In their brief, the SBC entities and Mohler say Christian and Southern Baptist doctrine teach it is a sin to support directly or indirectly the killing of an unborn child through abortion. “[A] statute or regulation requiring a Southern Baptist individual or ministry to be complicit in conduct the Christian faith teaches is morally wrong forces that person or ministry into an impossible choice — to either violate conscience or violate the law — and imposes a substantial burden on the exercise of religion,” the brief says.
The brief tells the Supreme Court, “In light of the broad scope of the Christian faith and the Southern Baptist theological opposition to abortion, [the organizations in the cases] cannot, as a matter of doctrine and conscience, distribute abortion-inducing drugs and devices directly or indirectly by authorizing, obligating, or incentivizing their own insurers or third-party administrators to use Petitioners’ health plans to provide such drugs and devices to others. Scripture and Southern Baptist belief prohibit not only direct and personal wrongdoing, but also complicity in doing what the Christian believes to be sin.”
In the brief, the ERLC, IMB, Southern Seminary and Mohler point to the Baptist Faith and Message, the SBC’s statement of faith, and a series of pro-life resolutions adopted by messengers at annual meetings for more than three decades. Southern Baptists “have a firm and well-known theological opposition to abortion, and the Southern Baptist Convention has repeatedly expressed its opposition to abortion in the strongest terms,” according to the brief.
The abortion/contraception mandate violates the U.S. Constitution’s First Amendment and the 1993 Religious Freedom Restoration Act (RFRA), according to the brief. RFRA requires the government to have a compelling interest and to use the least restrictive means to burden a person’s religious exercise.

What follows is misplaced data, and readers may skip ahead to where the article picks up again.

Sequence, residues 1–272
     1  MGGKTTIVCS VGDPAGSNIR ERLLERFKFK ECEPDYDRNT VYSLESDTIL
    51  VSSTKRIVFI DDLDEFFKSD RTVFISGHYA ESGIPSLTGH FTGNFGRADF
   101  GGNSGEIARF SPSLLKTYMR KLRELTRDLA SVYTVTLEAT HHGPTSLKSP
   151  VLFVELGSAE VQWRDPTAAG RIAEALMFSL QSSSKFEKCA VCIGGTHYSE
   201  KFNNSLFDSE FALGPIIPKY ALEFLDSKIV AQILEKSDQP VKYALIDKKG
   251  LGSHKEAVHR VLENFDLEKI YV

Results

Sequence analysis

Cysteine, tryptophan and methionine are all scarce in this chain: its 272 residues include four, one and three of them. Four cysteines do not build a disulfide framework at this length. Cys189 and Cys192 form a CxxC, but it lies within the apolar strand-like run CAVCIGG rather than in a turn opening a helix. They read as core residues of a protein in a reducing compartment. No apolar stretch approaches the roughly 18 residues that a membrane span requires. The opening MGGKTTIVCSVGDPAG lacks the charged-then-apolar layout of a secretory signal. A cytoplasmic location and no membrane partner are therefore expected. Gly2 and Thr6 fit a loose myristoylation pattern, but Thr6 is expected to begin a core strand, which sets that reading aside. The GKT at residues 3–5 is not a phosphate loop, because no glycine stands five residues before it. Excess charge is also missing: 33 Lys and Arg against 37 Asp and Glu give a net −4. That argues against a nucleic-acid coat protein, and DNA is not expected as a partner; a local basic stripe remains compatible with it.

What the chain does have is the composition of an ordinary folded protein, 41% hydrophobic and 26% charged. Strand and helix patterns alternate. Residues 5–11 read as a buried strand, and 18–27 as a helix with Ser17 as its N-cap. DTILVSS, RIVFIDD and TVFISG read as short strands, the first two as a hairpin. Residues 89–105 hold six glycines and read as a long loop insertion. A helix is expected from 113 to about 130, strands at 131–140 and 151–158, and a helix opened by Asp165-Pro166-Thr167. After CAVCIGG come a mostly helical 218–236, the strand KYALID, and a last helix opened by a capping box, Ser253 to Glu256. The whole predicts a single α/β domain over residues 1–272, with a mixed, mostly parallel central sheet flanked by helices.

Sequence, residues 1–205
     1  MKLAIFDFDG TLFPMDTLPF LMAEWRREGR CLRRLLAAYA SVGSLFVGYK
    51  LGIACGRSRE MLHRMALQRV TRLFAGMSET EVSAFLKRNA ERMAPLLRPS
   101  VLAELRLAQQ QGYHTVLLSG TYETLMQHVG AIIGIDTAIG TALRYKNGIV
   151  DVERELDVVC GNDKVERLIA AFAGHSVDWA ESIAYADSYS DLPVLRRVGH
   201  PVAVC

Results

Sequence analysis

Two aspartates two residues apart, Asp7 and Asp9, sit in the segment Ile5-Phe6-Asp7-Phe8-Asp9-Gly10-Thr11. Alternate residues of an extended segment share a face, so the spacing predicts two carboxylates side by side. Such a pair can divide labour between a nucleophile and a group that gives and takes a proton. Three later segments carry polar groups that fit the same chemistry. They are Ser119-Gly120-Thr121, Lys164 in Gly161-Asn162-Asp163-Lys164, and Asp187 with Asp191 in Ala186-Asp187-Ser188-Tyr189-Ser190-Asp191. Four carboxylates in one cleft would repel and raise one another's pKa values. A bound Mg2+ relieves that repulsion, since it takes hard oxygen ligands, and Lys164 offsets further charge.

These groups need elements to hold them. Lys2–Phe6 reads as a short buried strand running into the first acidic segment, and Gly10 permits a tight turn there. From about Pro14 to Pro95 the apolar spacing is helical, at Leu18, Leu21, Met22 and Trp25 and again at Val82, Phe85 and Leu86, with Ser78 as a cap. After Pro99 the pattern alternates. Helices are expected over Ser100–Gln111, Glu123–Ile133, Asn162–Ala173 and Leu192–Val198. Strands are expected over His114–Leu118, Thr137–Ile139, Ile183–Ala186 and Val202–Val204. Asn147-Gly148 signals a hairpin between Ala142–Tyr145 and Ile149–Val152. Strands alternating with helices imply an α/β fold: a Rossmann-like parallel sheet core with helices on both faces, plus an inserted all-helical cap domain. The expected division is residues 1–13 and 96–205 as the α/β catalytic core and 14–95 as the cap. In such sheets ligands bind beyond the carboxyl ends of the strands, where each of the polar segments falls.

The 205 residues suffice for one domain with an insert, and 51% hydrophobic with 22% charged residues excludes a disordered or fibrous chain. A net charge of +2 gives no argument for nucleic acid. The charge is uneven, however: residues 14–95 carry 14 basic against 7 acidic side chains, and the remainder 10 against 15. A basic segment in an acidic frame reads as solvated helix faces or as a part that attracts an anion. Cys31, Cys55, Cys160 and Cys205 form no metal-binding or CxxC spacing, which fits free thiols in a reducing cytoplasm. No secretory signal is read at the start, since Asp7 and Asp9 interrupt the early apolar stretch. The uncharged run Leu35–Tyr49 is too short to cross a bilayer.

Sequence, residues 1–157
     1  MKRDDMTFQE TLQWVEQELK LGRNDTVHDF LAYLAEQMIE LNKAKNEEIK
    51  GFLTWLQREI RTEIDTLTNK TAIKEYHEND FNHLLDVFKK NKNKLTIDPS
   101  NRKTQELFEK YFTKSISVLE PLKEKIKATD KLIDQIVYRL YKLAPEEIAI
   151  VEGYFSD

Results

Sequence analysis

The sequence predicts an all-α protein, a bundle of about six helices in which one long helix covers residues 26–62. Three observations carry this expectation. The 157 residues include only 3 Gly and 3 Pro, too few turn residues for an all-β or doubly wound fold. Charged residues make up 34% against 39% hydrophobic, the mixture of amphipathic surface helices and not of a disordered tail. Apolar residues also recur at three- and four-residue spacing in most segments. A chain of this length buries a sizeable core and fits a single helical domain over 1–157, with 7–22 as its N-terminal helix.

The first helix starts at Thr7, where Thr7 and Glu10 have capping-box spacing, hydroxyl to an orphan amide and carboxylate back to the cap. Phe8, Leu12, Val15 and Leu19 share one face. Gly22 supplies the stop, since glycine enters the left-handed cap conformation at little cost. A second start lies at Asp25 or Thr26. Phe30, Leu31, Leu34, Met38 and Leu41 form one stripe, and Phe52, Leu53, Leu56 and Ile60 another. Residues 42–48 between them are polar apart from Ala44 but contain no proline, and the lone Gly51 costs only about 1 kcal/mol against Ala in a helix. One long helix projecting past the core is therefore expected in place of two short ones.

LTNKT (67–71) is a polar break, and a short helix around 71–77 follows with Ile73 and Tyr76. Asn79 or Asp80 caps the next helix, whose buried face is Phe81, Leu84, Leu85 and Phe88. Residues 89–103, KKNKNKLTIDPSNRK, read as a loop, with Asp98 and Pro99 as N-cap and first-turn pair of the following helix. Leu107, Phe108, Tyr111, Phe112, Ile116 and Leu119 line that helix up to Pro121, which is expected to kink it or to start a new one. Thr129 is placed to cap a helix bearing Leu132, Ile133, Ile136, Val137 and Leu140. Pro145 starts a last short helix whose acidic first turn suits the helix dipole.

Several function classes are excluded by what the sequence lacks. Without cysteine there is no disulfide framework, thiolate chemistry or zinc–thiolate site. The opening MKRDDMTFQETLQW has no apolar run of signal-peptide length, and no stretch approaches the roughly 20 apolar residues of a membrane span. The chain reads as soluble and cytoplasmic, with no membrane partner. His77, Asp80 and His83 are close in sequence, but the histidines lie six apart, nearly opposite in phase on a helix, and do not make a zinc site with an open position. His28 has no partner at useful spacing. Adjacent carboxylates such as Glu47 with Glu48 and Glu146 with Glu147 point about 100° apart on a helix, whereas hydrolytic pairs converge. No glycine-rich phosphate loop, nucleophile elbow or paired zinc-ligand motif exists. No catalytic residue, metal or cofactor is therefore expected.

The Supreme Court has agreed to rule on whether the mandate violates RFRA.
GuideStone is exempt from the mandate and accompanying fines, but it serves ministries that face hefty penalties for failure to obey the rule.
Two of those — Truett-McConnell College in Cleveland, Ga., and Oklahoma City-based Reaching Souls International — joined GuideStone in challenging the rule. Other Southern Baptist institutions involved in appeals being reviewed by the high court are Oklahoma Baptist University, East Texas Baptist University and Houston Baptist University.
In August, the ERLC and IMB filed a friend-of-the-court brief to ask the Supreme Court to review the appeals court decision against the Texas universities. Southern Seminary and Mohler joined the ERLC and IMB in another August brief requesting the justices rule on the decision against GuideStone and the ministries it serves.
The HHS mandate requires coverage of federally approved contraceptives, including the intrauterine device (IUD) and such drugs as Plan B, the “morning-after” pill. Both the IUD and “morning-after” pill possess post-fertilization mechanisms that potentially can cause abortions by preventing implantation of tiny embryos. The rule also covers “ella,” which — in a fashion similar to the abortion drug RU 486 — can even act after implantation to end the life of the child.